Moreover, in Hollywood, where nearly every lead actor, male or female, is also a fashion model — often making far more money on commercial endorsements than cinema — models are regarded with unease, and often for good reason. That’s like showing up to a Cleveland Cavaliers game and watching Lebron James play in the first 3 minutes of the game, and the last 3 minutes of the game. Nat Wolff and the supporting cast are perfectly fine actors, they’re just not given much to do besides act like the most annoying teenagers on Earth. She recalls running into fellow supermodel Rosie Huntington-Whiteley at the Met Ball, shortly after she was cast in “Transformers: Dark of the Moon.” “She was like, ‘Well, I just kind of got offered it!'” Delevingne recalled on a May afternoon in the lobby of the Mercer Hotel in SoHo. “I love Rosie, but I was like, ‘I would bite someone’s head off to do that!'” In her tryout scene, Quentin (Q for short), the neighbour played by Nat Wolff, confesses that he has loved Margo for years, even though he has primarily observed her escapades from across the street. “You love me?” Margo answers. “You don’t even know me.” Schreier asked Delevingne to deliver that line, but then improvise the rest of the scenario as herself, and the actress’ knowing ad-libbed performance struck such a nerve that both she and Wolff left the audition crying. In the wake of the success of young adult dystopian and fantasy franchises, fewer studios are betting on tales of normal teens, too, making Green’s movies more of an anomaly.

In the book: Margo’s Walt Whitman poster on the back of her curtains leads to a song called Walt Whitman’s Niece, which leads them to highlighted text in the poem “Songs of Myself” in Whitman’s Leaves of Grass, which Ben finds wedged between two yearbooks in Margo’s room. It feels familiar yet refreshing to see the tandem of Neustadter and Weber employ a direct, tight plot –as opposed to the non-linear storyline seen in “500”– to forward Green’s simple but poignant message on how there is more to people than the labels or quick impressions we give them. No one is particularly worried — she’s done this sort of thing before — but Quentin, deeply in love in that tormented-teenager way, is convinced she wants him to find her. In high-profile releases, this summer’s teens on screen have included Scarlet Witch and Quicksilver in “Avengers: Age of Ultron,” two young adults with superpowers, and Casey Newton of “Tomorrowland,” who travels to a strange world.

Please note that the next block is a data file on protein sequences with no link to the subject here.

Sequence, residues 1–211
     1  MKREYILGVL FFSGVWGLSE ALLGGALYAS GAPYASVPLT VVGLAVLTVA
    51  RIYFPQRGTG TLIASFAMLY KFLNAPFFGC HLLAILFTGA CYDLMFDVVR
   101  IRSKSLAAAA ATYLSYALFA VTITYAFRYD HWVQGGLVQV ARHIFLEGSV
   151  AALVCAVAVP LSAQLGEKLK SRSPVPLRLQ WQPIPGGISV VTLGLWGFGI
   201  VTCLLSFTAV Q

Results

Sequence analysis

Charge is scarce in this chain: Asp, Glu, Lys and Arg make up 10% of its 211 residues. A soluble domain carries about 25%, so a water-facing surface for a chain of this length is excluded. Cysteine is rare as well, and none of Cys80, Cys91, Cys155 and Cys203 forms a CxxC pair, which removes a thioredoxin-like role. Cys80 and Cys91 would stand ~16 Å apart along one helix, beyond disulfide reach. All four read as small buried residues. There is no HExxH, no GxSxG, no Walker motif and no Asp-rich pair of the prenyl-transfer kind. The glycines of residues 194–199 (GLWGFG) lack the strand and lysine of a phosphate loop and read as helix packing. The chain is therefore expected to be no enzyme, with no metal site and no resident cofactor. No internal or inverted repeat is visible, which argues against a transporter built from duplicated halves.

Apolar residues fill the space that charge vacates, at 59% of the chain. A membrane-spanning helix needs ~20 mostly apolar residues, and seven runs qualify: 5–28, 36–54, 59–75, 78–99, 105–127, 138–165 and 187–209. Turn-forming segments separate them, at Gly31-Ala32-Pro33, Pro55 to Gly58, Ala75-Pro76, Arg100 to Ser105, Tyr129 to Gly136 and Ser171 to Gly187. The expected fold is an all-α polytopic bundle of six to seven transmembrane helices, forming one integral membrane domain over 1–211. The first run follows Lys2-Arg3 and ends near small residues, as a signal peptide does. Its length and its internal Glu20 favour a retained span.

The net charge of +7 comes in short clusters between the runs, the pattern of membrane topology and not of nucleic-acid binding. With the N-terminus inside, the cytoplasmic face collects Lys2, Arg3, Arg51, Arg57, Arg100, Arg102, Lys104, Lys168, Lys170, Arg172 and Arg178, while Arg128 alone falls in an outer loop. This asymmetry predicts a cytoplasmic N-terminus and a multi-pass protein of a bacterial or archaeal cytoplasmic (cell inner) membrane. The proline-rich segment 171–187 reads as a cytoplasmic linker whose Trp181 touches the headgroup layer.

It would be cliche to say that “Paper Towns” shows us how life is more about the journey, except the movie embraces this, with its funniest, most moving scenes arriving only once the rubber hits the road. I don’t know if it’s an attempt to add emotional weight to scenes like the one where Radar tells Angela “I’m not afraid of you, I’m afraid of losing you.” WHAT? The easy chemistry between the three boys — plus the two girls (Halston Sage and Jaz Sinclair) who join them along the way — carries the film when everything else starts to drag.

Director Jake Schreier (“Robot & Frank”) and Delevingne neither idealize nor demonize Margo, allowing “Paper Towns” to explore the universal question of why we fall in love with people who are, at times, incredibly selfish. The book centers on teenager Greg, who tries to not draw attention to himself in high school, works on making movies with his friend Earl, and gets to know a peer who was diagnosed with cancer. It is easy to write off “Paper Towns” as cliche or to overlook it considering the sizeable competition from Marvel’s “Ant-Man” and the upcoming “Mission Impossible: Rogue Nation.” Ultimately, all journeys end. “Paper Towns” is about coming to terms with things that are over — youthful crushes and pop quizzes in English and childhood itself. Her mother, Pandora, is working on a memoir about her long-term heroin addiction. “I went through so much therapy as a kid, and I hated it, and because you get so used to saying the same thing over and over again, it just becomes a story,” she said, adding later: “I always wanted to act, from when I was 4 years old.